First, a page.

Dead Ducks

These ducks, a mom and three little ducklings, may be a little hard to see, but they’re fine. The other day I found out why I’d never have made it as a photojournalist. When I found the dead ducks, the thought of taking a picture came right after being horrified. When I did think of it, I didn’t care. I just wanted to know how this happened.

At first I thought hunters shot the parents, leaving the babies to die. But the duckling that wan’t floating dead in the water was on the house steps, intact apart from the gouge taken out of its neck. Bugs would not have done that. And why, with such young ducklings, still sporting their downy yellow pin feathers, were there already eggs, beautiful blue eggs, in the nest.

Right about then Julien came by. He assured me that it wasn’t hunters. Hunting season is over. It might have been dogs, but since dogs don’t have access to my pond or to that of the neighbor, it was probably cats. And the eggs? Who knows how they got there, but even if we could reach a nest that was a good meter into the pond, we don’t have the means to keep the little guys alive. Just let it go. And let’s hope the cats don’t get those huge noisy frogs. We need the frogs.

About a week later I was back at the rental house. I couldn’t resist a peek at the nest. It had been dressed up with bright fresh leaves and there was a new mom with new little ducklings. No frogs, but maybe they were just being quiet that day.

So this is what I figure. Somebody’s well-fed psychopathic cats decided to have a little fun torturing and killing, but not bothering to eat, the first batch of ducks. They probably came upon them foraging for insects in the grass, something like that. A different duck found an abandoned nest, too good to resist, dressed it up and settled in. New day, new babies. Did the cats kill the frogs? Is that why it was so quiet? Impossible to say: I’m not that good at frog identification. If I saw the frogs again I’d have no idea whether they were the originals. But now that the neighbor cats know my rental house’s back garden as a happy hunting ground, they’ll be back. I fear for the new little guys.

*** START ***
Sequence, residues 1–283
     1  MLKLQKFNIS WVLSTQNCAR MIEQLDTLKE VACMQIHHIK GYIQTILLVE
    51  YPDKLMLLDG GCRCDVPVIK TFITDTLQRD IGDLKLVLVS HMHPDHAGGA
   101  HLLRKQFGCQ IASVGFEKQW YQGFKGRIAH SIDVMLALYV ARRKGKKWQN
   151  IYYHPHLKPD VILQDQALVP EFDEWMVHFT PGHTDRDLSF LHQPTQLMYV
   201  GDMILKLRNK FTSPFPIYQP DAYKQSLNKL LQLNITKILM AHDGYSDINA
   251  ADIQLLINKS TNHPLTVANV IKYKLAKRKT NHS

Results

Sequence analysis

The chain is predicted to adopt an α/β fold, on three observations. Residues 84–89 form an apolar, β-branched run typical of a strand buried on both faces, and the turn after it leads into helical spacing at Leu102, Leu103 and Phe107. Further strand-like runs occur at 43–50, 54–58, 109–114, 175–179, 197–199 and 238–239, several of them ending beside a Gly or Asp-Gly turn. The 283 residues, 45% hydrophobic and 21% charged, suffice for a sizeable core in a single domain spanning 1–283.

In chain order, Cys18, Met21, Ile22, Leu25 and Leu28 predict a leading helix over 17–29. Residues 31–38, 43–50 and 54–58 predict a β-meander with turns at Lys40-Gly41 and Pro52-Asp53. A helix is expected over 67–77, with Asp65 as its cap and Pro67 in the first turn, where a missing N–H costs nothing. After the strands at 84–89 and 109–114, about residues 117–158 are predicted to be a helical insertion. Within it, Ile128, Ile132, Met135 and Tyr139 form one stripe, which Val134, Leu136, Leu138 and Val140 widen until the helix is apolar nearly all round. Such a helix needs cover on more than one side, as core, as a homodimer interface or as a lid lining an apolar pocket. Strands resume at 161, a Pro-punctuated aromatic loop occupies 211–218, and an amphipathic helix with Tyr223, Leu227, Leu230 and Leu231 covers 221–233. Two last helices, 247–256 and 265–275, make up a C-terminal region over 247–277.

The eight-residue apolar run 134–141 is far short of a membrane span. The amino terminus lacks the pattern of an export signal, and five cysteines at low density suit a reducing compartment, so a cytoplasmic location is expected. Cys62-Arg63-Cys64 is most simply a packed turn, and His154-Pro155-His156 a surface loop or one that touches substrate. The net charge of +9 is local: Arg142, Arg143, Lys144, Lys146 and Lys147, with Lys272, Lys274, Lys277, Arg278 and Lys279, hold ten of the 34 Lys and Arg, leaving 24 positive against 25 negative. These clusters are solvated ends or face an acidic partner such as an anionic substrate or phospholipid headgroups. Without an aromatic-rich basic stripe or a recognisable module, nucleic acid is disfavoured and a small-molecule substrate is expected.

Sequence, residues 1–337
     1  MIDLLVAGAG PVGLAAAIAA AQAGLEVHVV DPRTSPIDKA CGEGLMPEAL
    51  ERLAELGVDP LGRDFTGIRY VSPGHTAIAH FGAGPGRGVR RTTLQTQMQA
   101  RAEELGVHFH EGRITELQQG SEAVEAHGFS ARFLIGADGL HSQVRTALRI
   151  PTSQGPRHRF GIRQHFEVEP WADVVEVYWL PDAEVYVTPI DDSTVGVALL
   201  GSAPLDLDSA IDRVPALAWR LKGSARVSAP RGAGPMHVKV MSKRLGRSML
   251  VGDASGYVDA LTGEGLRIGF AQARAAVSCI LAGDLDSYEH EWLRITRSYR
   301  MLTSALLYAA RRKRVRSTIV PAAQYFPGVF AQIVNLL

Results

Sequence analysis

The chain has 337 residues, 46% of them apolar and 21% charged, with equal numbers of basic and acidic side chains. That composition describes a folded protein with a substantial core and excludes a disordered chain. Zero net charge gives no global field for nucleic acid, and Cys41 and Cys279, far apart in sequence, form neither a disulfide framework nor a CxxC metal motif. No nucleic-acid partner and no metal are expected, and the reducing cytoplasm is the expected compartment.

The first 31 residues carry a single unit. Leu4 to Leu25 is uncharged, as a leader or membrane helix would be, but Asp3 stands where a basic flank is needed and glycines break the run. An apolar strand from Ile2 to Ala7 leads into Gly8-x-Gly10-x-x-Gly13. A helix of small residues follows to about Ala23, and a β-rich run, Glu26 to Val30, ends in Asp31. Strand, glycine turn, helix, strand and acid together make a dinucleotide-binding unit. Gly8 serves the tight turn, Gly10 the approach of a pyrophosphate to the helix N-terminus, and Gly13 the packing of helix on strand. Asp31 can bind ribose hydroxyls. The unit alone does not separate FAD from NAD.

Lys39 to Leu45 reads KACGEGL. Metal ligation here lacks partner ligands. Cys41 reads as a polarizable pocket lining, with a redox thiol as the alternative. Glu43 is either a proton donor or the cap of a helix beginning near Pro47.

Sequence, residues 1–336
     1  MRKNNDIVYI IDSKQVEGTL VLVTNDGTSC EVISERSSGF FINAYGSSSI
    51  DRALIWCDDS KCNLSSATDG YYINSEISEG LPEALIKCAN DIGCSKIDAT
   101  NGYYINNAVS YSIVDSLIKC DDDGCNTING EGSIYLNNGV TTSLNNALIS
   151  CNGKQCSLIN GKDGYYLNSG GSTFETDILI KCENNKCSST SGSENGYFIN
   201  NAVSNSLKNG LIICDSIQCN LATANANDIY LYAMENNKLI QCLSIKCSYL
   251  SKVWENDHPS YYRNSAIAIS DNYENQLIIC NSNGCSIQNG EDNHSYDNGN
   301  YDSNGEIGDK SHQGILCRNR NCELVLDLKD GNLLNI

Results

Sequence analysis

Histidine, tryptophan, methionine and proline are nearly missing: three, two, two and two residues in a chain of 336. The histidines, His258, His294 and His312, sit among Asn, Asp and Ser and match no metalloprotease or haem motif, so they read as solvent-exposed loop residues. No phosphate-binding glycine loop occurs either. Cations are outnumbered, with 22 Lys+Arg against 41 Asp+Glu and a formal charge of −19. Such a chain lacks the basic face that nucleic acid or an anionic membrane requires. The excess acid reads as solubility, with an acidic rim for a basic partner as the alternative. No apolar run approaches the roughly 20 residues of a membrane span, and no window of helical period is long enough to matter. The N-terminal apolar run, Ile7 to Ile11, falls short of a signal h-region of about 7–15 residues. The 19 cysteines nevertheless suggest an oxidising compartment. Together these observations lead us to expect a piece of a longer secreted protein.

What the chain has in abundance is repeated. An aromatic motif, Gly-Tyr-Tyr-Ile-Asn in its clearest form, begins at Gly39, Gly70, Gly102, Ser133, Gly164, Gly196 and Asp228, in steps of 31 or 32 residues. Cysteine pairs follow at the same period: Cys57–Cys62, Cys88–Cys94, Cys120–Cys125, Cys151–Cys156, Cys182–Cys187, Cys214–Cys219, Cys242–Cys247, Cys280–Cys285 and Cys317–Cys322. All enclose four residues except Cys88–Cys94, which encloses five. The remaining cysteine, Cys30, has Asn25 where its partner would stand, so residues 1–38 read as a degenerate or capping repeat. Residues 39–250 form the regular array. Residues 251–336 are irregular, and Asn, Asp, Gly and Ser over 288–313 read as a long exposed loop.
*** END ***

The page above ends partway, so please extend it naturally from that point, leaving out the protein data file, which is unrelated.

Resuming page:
7 thoughts on “Dead Ducks

  1. It is amazing that nature supplies solutions – another duck looks after the orphan eggs and ducklings – there may be a philosophical thought in this balance of nature – which I leave for others to ponder.



    1. Nope. Cats just kill. There is an interesting article in today’s NYT about feral cats in Australia. They go into some detail about cat psychology. Back at my house, the new ducks could easily wind up as dead as the other ones. In this situation there is no balance.


    2. Oh. In this case the orphan ducklings were killed or just died. The eggs and new ducklings were those of the new mom. She just took over the old nest.


  2. We have the same problem, of neighbor cats killing not with ducks but birds. The cats do it for fun, out of instinct, not hunger. I chase after them. I don’t hurt the cats (the exercise is probably good for them) but I do send them packing. They can hunt in their own yard.
    Humans are in invasive species, pushing out wildlife and bringing in our domesticated animals that further kill or scare off wildlife. Dogs running loose in forests also terrify wild animals; they’re supposed to be leashed but people think that it’s all nature and all fine.
    David Attenborough suggested cat owners put bells on their cats to help save birds:

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    1. The trouble is, birds don’t relate the bell with danger. All folks can really do is keep the cats inside. It means cleaning a litter box every day, but I know from apartment sitting for a friend with two cats, they will love you for it. His cats learned what time I would clean the box and they would wait for it so they could take their dumps on fresh sand. They were super-indolent. They didn’t mind being inside at all. I have had friends with houses who put a cat door in the wall, so the litter box could be outdoors, with a little exercise pen. The cats pooped and came right back in. No exercise, no no and no. So keeping a cat responsibly can be done. Like a lot of things, it’s a matter of building habits.

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